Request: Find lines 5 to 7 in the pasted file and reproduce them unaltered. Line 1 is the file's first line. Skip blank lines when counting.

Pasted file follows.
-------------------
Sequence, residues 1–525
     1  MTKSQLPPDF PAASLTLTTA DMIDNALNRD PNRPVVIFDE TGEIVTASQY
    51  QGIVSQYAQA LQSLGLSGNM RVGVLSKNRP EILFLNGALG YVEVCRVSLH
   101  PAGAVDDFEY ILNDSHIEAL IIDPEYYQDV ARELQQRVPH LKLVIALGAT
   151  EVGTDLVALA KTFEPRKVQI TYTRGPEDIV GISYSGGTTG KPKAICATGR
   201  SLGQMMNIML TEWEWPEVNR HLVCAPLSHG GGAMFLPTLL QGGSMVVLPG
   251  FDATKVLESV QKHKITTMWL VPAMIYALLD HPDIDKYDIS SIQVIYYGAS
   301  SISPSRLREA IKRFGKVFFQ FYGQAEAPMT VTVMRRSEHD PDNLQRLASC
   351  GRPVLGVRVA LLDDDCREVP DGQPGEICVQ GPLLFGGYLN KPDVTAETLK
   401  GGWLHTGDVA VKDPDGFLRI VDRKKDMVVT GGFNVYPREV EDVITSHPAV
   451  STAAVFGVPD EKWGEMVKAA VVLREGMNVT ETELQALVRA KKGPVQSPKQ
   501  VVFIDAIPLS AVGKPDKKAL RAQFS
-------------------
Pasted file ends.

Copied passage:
   151  EVGTDLVALA KTFEPRKVQI TYTRGPEDIV GISYSGGTTG KPKAICATGR
   201  SLGQMMNIML TEWEWPEVNR HLVCAPLSHG GGAMFLPTLL QGGSMVVLPG
   251  FDATKVLESV QKHKITTMWL VPAMIYALLD HPDIDKYDIS SIQVIYYGAS